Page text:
The Easiest Way to Plan Your Business

When I was first starting out as a freelance photographer, everyone I knew told me I needed to write a business plan. I had no idea what that meant - I had gone to school for photography, not business. At that point in my career, I figured knowing the art would be enough. Writing a business plan seemed like a scary thing. What was it supposed to include? Who was using it? Why did I even need it? A business plan is just that- a plan. It's a draft for what your business will become. For some businesses, a casual plan is enough. Others, like those seeking funding from outside sources, will require a more formal plan. The casual planning I'm talking about today can easily be modified into a more formal plan because you'll be answering all the necessary questions. Business planning can happen before you start a business or while you're currently in business. I've done it both ways & I find it really helpful at both stages. I also like to revisit my plan every six months or so and see how things are going. I usually find that I've learned some new things or forgotten a possible connection point with my customer that will allow me to grow more.

The easiest way to write a business plan is simply to think about your business from beginning to end. Carve out 20 - 30 minutes of your time to sit down and walk through your business. I like to plot a new business plan out with pencil & paper but you may find writing it out using notecards or on a computer is more helpful. Create a comfy, distraction free environment to really put it some time for good, solid planning work.

Start with the question "Who is my customer and what are they using me for?" What is your target market? Identify as much as you can about them and get really specific. Where else do they go? What else do they do? What do they care about?

Next, answer "How do customers find you?" List any sources - social media marketing, traditional advertising methods, blindly stumbling into your business. Walk yourself through every source. If they'll primarily find you online, how do they find you online to begin with?

Keep walking yourself through your business, step by step. Once a customer finds you, what happens? How do they buy from you? What do they buy from you? Where do you get what they're buying from you? Are you making it? Or are you bringing it from some place else? Imagine yourself as your most perfect customer. What are you doing at each point along the journey of interacting with the business, from the discovery in the very beginning until the "end" when you've made a purchase & are ready to become a repeat customer armed with tools to share your experience.

Think of the touch points in your business. At what point along the business journey is your customer interacting with you? (Hint: a LOT. Even when you think they're not.) As you're walking through the touch points, ask yourself questions using the five senses. When a customer walks into your store, what does it smell like? When they're online, what does it look like? Are there sounds associated with your business?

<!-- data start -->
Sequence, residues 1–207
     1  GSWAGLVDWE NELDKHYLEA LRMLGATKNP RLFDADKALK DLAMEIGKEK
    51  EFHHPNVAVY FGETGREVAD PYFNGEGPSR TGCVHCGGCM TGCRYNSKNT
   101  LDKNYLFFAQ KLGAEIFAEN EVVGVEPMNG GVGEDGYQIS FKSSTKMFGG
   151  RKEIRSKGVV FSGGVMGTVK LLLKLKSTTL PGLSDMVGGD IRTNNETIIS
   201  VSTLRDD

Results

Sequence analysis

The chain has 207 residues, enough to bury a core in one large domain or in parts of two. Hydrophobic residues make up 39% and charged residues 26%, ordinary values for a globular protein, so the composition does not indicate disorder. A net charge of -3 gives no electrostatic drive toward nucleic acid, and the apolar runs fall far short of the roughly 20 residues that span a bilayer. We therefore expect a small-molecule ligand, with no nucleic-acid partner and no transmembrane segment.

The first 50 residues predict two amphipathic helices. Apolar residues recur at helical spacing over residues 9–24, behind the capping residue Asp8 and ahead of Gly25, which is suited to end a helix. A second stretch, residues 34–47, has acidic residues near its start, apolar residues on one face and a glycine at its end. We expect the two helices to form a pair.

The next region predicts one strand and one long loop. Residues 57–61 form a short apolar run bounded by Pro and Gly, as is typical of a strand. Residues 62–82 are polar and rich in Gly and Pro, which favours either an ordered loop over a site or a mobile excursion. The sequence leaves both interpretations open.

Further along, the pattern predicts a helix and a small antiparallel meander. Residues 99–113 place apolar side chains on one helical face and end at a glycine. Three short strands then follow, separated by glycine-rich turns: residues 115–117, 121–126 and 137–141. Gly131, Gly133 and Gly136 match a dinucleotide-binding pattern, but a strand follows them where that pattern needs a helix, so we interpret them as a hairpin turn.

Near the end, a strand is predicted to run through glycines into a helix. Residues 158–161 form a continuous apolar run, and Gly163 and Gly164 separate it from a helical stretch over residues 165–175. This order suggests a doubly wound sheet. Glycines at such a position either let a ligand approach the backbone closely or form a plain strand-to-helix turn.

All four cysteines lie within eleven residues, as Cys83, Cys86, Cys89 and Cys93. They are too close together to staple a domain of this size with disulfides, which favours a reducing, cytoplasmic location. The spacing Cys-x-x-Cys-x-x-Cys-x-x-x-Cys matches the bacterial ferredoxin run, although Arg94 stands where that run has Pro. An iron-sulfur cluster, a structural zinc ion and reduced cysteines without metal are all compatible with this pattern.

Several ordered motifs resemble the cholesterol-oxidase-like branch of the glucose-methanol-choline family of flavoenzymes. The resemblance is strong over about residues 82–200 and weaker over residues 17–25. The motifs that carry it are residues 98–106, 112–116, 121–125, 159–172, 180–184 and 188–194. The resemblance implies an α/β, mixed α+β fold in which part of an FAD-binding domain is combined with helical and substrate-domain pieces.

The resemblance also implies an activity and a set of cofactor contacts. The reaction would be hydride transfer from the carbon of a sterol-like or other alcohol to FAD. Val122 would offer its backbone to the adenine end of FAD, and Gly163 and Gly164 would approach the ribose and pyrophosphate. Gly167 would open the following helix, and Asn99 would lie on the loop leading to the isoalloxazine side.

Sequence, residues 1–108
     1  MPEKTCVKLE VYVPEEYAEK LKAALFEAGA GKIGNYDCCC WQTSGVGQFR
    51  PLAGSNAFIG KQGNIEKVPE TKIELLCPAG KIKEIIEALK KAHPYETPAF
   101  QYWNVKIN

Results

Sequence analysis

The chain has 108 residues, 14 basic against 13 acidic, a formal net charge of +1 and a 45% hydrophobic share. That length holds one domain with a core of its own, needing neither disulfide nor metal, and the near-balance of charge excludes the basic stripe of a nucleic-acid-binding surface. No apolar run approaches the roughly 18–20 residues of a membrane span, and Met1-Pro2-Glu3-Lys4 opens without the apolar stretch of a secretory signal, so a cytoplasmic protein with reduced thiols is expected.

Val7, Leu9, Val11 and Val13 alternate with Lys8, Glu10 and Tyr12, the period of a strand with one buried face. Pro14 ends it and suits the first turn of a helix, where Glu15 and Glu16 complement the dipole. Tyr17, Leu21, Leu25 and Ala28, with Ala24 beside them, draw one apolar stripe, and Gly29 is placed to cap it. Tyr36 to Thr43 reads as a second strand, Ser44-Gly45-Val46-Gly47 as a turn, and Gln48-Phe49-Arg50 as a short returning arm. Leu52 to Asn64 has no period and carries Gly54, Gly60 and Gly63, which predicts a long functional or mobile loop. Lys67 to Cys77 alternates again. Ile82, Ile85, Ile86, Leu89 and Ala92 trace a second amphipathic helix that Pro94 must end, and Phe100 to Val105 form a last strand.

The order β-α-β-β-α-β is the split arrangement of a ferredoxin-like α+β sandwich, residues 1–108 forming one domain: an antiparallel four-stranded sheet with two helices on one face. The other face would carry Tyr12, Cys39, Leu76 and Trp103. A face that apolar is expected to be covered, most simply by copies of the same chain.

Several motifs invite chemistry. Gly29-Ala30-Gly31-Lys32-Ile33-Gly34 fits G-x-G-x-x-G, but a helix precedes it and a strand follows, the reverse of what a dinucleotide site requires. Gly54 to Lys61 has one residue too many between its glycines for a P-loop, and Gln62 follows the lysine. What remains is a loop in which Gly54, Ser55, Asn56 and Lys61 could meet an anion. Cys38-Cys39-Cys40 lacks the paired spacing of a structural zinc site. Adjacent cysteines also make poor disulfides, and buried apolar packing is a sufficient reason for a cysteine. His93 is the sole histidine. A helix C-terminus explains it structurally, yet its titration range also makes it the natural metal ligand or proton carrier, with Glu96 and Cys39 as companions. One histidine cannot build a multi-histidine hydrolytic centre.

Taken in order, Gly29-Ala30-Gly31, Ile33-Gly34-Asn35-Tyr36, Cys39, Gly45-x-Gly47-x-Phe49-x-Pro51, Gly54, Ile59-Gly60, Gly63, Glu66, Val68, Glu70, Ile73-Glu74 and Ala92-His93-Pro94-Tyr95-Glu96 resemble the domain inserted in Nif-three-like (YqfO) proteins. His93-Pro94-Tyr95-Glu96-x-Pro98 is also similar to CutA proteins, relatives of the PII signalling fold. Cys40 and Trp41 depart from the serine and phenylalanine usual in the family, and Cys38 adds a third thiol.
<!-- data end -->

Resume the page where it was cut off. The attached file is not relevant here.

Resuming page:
Answering these questions will help you create a strategic & profitable marketing plan. Of course, there are no guarantees in business, but you'll be able to quickly identify what your customers are doing - how they're finding you, what they're doing once they find you and what happens after. It's ok if during your initial planning there's questions that arise that you don't know the answer to. If part of your business plan involves giving your customers a gift after they've purchased something but you're not quite sure what that is, that's ok. Write as much information as you know & let yourself ponder the questions for a while. You might find that there's many questions that pop up that you've never given much thought to. Or you might find that there's holes in marketing & it's unbalanced.

If you need to, you can translate these answers to a more formal plan. You've already identified your target market, what they're doing, what you're doing & everything in between. These questions also help to answer many branding questions & especially marketing questions because they ask you to think about your business step by step from start to end. It will help answer what marketing pieces you need (price tags, postcards, price lists, etc) because you'll know where each of these pieces will be going and what their function is.

Remember that a business is often fluid and changing as it grows, especially a creatively fueled one. Revisiting your plan will ensure your new goals are lining up with your original business vision and show you where alterations might be needed.

Finally, avoid getting stuck in the planning stage. Business can be overwhelming, especially when you look at the 15 pages of notes you've written for yourself & the long list of tasks you've added to your to-do list. Simply start in the simplest way you know and continue building & growing towards your vision. Know that a business plan is just a tool to help you maximize your efforts in starting.

Best of luck, fellow entrepreneur! You've got this!